Kosovo’s special prosecutors are investigating the role of 22 police officers in last year’s arrest and extradition of six Turkish nationals, a move activists called human rights violations, the prosecutors said on Thursday, Reuters reported.
The six Turks were arrested in Kosovo at Turkey’s request in March 2018 over alleged links to schools financed by the Gülen movement.
“We are also interviewing more suspects in relation to this case,” Ekrem Lutfiu, a spokesman for the prosecutor’s office, told Reuters.
Days after the six men were expelled, Kosovo’s prime minister, Ramush Haradinaj, dismissed the country’s interior minister and secret service chief because he was not told the six would be deported to Turkey.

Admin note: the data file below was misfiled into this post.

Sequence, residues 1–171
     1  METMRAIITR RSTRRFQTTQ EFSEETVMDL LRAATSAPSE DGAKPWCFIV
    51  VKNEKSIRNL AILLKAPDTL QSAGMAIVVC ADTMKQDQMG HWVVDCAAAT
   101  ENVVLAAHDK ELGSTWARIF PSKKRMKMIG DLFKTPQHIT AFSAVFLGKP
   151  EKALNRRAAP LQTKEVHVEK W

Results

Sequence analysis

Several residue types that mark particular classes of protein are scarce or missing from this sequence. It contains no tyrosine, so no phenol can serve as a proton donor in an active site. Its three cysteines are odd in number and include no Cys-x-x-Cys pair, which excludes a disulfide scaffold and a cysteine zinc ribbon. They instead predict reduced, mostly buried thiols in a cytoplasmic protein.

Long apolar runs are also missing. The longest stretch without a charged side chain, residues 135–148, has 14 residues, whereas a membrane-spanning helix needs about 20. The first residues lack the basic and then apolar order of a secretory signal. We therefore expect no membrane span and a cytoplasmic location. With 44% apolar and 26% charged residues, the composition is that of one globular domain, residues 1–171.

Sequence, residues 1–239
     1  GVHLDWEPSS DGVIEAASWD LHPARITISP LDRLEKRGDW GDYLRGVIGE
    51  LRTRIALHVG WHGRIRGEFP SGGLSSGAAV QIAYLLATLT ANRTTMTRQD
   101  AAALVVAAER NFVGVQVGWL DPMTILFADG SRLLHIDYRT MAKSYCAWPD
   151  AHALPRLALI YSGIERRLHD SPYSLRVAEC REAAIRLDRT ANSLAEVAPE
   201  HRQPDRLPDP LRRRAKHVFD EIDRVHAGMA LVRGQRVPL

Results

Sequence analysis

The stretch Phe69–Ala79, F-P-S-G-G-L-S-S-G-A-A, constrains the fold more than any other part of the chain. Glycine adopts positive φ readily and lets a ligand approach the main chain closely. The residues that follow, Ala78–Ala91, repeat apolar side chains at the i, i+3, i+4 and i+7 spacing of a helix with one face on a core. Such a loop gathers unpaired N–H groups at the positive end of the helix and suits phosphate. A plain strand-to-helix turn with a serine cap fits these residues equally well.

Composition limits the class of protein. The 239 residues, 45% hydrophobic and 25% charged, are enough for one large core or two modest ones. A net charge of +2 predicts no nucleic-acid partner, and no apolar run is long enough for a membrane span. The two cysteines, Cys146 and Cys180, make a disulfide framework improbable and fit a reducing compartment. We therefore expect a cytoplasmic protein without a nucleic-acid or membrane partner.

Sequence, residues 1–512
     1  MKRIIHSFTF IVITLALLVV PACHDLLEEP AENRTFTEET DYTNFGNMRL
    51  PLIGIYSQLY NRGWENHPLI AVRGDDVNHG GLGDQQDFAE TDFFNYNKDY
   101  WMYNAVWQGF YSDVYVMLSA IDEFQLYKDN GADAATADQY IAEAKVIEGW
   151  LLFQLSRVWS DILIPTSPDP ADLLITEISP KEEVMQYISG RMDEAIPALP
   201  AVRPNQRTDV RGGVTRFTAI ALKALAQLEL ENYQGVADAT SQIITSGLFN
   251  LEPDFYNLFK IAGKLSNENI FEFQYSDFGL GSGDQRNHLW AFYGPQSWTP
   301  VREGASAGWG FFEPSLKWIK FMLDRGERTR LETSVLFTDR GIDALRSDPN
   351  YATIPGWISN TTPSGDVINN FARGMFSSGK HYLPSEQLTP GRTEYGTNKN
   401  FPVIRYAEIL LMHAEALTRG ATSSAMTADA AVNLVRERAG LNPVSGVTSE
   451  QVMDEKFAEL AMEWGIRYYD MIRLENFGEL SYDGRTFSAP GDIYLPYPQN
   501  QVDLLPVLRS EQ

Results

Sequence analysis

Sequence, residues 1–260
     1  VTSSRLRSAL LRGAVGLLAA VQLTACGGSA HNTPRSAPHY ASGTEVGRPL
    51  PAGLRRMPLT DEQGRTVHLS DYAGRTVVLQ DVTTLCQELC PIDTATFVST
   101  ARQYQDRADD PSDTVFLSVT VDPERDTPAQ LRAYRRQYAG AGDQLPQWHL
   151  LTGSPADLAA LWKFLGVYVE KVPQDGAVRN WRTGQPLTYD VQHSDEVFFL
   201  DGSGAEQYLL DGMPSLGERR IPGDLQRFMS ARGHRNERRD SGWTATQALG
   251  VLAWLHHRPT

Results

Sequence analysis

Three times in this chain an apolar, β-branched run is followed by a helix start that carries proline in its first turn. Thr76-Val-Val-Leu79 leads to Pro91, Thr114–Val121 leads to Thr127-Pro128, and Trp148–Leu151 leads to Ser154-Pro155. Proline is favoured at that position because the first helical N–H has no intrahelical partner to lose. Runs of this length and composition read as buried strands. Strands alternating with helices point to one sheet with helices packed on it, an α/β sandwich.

A parliament commission report concluded that the deportation was illegal and the constitution was violated 31 times during the arrests.
Kosovo’s opposition has accused President Hashim Thaci of ordering the deportations because of his close relations with Turkish President Tayyip Erdoğan. Thaci has denied any wrongdoing.
Kosovar President Hashim Thaci in a televised interview with T7 in April 2018 admitted that the arrest and deportation of the six Turkish men suspected of links to Fethullah Gülen’s movement was wrong.
“This process should not have happened under any circumstances. The action against them was wrong. Relevant mechanisms should explain in detail what happened with the deportation of the Turkish men,” Thaci said, contradicting his earlier public stance.
At its peak, the Gülen movement operated schools in 160 countries, from Afghanistan to the United States. Since the coup attempt, Turkey has pressured allies to shut down Gülen-run establishments. (SCF with turkishminute.com)